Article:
The predominant forms of visible life on Earth, plants and animals, operate in a complementary way, which is definitely no accident.
A substance vital for the nourishment of plants is no more than a waste product in humans and other animals, and a substance discarded as waste by plants is needed by animals (and different parts of the same plant cell) for aerobic respiration. Other molecules are "conserved" in this way, too.
The four substances recycled during photosynthesis and respiration are: carbon dioxide (CO2), which is emitted as waste in cellular respiration and used by plants to make glucose, oxygen (O2), which is emitted as waste by plants and taken in by animals to allow cellular respiration to proceed, glucose (C6H12O6), which is consumed in cellular respiration and made from CO2 in photosynthesis and water (H2O), which is a waste product of cellular respiration but required for photosynthesis and a host of other reactions.
In some forms of cellular respiration, though, substances are not recycled in the reactions and are thus considered waste, although this doesn't necessarily mean that humans have not found uses for this "disposable" material.
Photosynthesis is how plants, lacking mouths and digestive systems in general, get their food. By taking in carbon dioxide gas through openings in their leaves called stoma, they incorporate the raw material they need to build glucose. Some of that glucose is used by the plant itself in cellular respiration, while the rest may become food for animals.
The first part of photosynthesis consists of the light reactions and requires a light source to proceed. Light strikes structures inside plant cells called chloroplasts, which contain thylakoids, which in turn contain a group of pigments called chlorophyll. The end result is the harvesting of energy for the second part of photosynthesis and the release of oxygen gas as waste.
In the dark reactions, which do not require sunlight (but are not adversely affected by it), carbon dioxide is combined with a five-carbon compound called ribulose-1,5-biphosphate to make a six-carbon intermediate, some of which ultimately becomes glucose. The energy for this phase comes from ATP and NADPH made in the light reactions.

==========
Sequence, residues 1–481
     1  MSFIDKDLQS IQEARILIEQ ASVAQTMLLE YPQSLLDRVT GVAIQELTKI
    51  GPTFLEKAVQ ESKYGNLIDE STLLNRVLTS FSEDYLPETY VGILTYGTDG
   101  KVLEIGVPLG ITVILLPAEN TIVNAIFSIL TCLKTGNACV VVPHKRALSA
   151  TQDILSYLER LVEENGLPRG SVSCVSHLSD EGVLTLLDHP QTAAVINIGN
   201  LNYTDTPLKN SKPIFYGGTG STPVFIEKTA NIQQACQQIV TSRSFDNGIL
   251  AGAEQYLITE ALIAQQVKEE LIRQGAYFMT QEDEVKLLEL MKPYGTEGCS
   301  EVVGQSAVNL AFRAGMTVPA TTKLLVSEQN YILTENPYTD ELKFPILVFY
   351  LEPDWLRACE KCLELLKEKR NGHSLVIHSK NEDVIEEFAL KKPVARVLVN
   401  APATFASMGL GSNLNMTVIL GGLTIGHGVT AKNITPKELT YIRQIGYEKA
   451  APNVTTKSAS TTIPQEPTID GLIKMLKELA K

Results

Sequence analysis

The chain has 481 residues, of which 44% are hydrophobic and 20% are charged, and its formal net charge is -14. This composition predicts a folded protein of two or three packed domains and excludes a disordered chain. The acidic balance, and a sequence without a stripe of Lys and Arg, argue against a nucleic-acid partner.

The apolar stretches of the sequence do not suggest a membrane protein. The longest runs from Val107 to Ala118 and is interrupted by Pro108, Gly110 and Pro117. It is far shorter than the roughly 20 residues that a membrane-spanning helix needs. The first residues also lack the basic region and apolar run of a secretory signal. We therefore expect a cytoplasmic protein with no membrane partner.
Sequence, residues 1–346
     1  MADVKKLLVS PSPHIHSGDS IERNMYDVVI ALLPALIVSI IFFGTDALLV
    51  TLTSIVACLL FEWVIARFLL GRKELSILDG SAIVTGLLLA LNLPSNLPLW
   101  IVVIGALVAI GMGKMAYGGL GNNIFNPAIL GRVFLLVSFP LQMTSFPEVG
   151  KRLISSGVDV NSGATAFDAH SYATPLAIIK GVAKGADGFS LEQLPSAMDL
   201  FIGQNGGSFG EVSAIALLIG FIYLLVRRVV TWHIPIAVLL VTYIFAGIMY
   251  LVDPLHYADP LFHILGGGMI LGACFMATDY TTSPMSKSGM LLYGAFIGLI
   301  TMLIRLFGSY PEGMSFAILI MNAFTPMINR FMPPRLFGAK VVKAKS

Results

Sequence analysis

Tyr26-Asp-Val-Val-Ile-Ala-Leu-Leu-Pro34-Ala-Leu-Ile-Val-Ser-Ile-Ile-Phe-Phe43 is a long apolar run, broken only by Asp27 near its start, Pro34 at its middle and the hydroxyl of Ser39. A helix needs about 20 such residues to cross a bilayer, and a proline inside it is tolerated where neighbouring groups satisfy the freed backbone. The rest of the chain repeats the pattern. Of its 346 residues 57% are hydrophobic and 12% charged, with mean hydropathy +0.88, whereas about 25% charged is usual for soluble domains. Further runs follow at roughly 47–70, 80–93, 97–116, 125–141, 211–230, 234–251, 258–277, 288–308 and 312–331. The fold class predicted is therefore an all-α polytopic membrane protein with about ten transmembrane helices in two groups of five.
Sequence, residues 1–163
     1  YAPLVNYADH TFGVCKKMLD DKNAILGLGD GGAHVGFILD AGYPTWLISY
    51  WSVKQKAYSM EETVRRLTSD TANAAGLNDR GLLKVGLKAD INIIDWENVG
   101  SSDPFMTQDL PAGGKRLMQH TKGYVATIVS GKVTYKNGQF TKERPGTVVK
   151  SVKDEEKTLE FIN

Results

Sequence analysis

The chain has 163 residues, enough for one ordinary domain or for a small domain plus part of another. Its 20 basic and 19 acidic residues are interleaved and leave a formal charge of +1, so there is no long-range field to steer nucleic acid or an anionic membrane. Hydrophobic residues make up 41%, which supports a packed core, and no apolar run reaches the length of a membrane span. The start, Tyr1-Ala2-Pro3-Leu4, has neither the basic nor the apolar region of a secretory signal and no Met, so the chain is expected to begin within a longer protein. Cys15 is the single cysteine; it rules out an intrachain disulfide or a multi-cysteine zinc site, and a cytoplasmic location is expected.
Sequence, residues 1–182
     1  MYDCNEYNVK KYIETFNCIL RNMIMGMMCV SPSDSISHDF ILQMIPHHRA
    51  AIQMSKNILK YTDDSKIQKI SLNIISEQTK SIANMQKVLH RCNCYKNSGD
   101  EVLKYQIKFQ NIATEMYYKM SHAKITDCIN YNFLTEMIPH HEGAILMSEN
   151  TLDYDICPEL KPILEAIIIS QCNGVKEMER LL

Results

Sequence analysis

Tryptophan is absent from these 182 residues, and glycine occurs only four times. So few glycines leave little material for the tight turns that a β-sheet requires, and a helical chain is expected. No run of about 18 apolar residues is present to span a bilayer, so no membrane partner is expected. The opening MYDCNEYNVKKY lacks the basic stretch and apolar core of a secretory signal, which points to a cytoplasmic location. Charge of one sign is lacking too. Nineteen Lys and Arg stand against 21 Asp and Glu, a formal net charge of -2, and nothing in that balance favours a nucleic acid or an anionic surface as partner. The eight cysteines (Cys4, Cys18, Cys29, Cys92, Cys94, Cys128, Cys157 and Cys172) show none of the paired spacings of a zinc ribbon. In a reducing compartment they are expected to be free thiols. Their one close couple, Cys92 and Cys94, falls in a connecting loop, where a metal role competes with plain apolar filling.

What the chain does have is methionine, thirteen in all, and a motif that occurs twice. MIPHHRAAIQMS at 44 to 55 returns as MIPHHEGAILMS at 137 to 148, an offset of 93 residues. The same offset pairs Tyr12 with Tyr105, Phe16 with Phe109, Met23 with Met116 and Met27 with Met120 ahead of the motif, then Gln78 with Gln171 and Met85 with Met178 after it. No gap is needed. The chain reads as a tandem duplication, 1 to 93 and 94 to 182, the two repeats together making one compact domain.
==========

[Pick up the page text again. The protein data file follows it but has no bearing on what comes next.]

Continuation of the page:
The photosynthesis equation is:
6 CO2 + 6 H2O + Light Energy → C6H12O6 + 6 O2
Cellular respiration is the complete oxidation of glucose in eukaryotic cells.
It includes four steps: glycolysis, the oxygen-independent conversion of glucose to pyruvate; the bridge reaction, which is the oxidation of pyruvate to acetyl coenzyme A, the Krebs cycle, which combined acetyl CoA with oxaloacetate to make a six-carbon compound that is eventually converted to oxaloacetate again, yielding electron carriers and ATP and the electron transport chain, which is where most of the ATP of cellular respiration is generated.
The last three of these steps, comprising aerobic respiration, occur in the mitochondria, whereas glycolysis occurs in the cytoplasm. A common misconception is that plants undergo photosynthesis instead of cellular respiration; in fact, they use both, using the former process to make glucose as an input for the latter process.
The complete equation for cellular respiration is
C6H12O6 + 6 O2 → 6 CO2 + 6 H2O + 36 (or 38) ATP
Waste Products of Cellular Respiration
When pyruvate cannot be processed via the aerobic reactions of cellular respiration, either because not enough oxygen is present or the organism lacks the enzymes to make use of it, fermentation is one alternative. This is what happens when you run an all-out sprint or lift heavy weights and go into "oxygen debt" from this anaerobic exercise.
In this process of lactic acid fermentation, which also occurs in the cytoplasm, pyruvate is converted to lactic acid in a reduction reaction that generates NAD+ from NADH. This makes more NAD+ available for glycolysis, which, along with removing pyruvate from the environment, tends to drive glycolysis forward. Lactate can be used by some animal cells, but it is considered a waste product generally.
In yeast, fermentation produces the two-carbon product ethanol instead of lactate. While still waste, it is undeniable that human societies would look vastly different were there no ethanol, the active ingredient in alcoholic beverages the world over.
About the Author
Kevin Beck holds a bachelor's degree in physics with minors in math and chemistry from the University of Vermont. Formerly with ScienceBlogs.com and the editor of "Run Strong," he has written for Runner's World, Men's Fitness, Competitor, and a variety of other publications. More about Kevin and links to his professional work can be found at www.kemibe.com.
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